Midnight Special (2016)
dir. Jeff Nichols
written by: Jeff Nichols
starring: Michael Shannon, Joel Edgerton, Kirsten Dunset, Jaeden Lieberher, Adam Driver
2.75 out of 4 stars
When I first began baking, I was tasked with creating a spiced pumpkin roll for a family Christmas party. I whisked the dry ingredients from scratch, whipped together a sweet cream cheese filling, and scooped pumpkin pie filling from a can like Martha Stewart disemboweling a chicken (with gusto and looking damn good covered in goop). Despite all the parts separately delicious, a flawed combination concocted more of a loaf than a roll; tasted fine but generally a mess. This is how I felt about American director Jeff Nichols’ latest film Midnight Special.
A combination of scifi childhood adventure and Texas crime drama, we follow a father and son on the run following the discovery of the son’s special powers. The film wastes no time with the action: we find Roy, the biological father of gifted Alton Meyer, the object of a religious cult’s obsession, has “kidnapped” his son from his adoptive father Calvin Meyer (Sam Shepard, gravel voiced and devious). They are on the run from The Ranch who wants their prophet returned and the government whose secrets Alton is unintentionally revealing. Joined by Lucas (Joel Edgerton) and Alton’s mother Sarah Tomlin (Kirsten Dunst), they race to a location designated by their son as his powers unravel around them.
Most areas of this movie worked when examined separately. The tone, darkly bucolic much like Nichols’ previous movies Take Shelter and Mud, lets the movie glide through their roadtrip much like gravel against a fallen motorcyclist–exciting but jarring. The scenes are incessantly tense, allowing jumps to come naturally as the boy’s emerging powers rip the family’s worldview apart.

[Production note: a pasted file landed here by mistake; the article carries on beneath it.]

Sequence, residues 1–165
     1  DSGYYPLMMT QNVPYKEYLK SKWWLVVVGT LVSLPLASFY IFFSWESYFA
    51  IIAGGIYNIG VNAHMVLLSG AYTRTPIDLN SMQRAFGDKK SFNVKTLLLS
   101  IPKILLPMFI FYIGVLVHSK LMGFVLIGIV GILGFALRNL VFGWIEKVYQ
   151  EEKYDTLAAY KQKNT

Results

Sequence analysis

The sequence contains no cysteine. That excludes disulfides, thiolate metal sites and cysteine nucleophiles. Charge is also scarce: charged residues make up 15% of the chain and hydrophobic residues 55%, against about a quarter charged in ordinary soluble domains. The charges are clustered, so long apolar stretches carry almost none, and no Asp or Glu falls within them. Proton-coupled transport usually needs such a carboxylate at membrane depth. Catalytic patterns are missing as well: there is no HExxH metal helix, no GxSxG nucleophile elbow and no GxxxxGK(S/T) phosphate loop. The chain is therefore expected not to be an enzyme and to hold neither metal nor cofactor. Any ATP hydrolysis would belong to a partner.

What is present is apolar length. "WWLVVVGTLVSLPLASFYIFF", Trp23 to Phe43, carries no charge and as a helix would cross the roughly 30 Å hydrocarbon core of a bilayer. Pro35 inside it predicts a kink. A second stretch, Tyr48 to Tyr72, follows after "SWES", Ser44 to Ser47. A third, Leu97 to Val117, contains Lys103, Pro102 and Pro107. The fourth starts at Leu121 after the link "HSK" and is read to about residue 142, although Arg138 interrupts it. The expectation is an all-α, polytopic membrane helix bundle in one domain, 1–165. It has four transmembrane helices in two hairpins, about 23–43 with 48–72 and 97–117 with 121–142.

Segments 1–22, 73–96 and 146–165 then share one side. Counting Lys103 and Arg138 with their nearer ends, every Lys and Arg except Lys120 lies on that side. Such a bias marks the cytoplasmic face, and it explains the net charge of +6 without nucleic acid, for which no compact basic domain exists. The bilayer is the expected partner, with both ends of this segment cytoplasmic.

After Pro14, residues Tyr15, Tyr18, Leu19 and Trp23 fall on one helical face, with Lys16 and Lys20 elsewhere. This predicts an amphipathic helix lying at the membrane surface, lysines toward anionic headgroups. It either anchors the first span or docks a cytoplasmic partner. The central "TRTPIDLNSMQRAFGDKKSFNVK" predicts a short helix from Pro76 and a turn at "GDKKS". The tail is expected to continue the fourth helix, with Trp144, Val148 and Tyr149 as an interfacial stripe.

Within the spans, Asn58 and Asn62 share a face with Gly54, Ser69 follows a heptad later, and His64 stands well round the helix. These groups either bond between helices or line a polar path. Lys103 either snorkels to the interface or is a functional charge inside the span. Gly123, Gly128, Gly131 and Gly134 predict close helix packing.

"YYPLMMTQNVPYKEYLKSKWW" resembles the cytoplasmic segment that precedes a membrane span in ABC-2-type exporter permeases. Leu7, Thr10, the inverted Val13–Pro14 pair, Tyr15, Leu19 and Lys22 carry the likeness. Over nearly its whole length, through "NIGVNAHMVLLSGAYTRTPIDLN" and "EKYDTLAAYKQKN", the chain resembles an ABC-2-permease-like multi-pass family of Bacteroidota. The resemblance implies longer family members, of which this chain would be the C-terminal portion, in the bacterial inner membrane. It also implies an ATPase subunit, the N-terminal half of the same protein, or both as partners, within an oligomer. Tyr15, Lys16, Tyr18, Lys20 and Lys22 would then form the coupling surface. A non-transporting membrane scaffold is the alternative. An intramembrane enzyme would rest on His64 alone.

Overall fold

The acting was underplayed. Very natural, quiet roles were delivered by all, punctuated by some excessive silences. Michael Shannon and Joel Edgerton are two emerging talents who can deliver convincing, gruff country men performances. Edgerton, so different than in the recently reviewed Kinky Boots, seems unsure as to why he is on this trip, and this makes the character empathetic and likable. Kirsten Dunst surprises with an internally fierce and pained but outwardly stoic performance. She lives in her eyes, no matter what the rest of her face is doing; this is a lovely addition to Melancholia Dunset. Jaeden Lieberher, following an impressive performance in St Vincent, avoids hysterics in a “gifted child” role that easily would have been over-the-top in many other directors’ hands.
The issue with this movie appears to be the pacing. We are rushed, and then we slow rapidly. There’s far too much time spent taping cardboard to the windows and too little dialogue and story development to back it up. Plots points are placed in the billiards rack in the opening credits. The director fires his cue ball and explodes the story with so many options. Soon the balls slow, a few disappear, and we’re left with a progression full of corner-touching balls. The intriguing bits are too few and far between to make one desire to rewatch the movie, and it’s ultimately disappointing with a surprisingly sound wrapup. Not unlike my failed pumpkin roll, it all seemed so good until we find the finished product with too much going on and no real form. It isn’t disliked, and it’s somewhat pleasing. It is just somewhat of a mess.